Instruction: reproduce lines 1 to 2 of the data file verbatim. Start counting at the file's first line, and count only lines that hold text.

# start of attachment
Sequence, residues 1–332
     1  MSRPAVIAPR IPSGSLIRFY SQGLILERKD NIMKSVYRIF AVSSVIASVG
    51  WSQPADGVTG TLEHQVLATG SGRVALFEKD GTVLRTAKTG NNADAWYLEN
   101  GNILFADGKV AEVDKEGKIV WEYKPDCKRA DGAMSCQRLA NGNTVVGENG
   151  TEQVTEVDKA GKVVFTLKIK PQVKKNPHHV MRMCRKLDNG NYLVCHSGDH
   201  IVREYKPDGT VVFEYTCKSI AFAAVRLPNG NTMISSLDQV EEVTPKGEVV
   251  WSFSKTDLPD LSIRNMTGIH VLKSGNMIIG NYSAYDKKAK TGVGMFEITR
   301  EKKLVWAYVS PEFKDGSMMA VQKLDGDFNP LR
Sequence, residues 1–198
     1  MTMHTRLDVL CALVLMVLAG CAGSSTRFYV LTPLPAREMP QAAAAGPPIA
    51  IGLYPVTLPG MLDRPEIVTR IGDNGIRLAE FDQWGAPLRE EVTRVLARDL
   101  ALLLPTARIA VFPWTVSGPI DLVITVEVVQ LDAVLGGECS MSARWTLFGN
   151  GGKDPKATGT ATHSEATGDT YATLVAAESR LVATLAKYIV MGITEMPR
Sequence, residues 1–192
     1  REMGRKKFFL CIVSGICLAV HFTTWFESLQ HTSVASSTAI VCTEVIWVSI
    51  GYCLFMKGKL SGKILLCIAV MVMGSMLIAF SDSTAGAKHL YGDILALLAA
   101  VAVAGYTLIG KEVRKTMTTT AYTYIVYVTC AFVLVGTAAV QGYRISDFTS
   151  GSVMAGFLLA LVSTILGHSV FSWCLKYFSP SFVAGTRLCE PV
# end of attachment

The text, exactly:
Sequence, residues 1–332
     1  MSRPAVIAPR IPSGSLIRFY SQGLILERKD NIMKSVYRIF AVSSVIASVG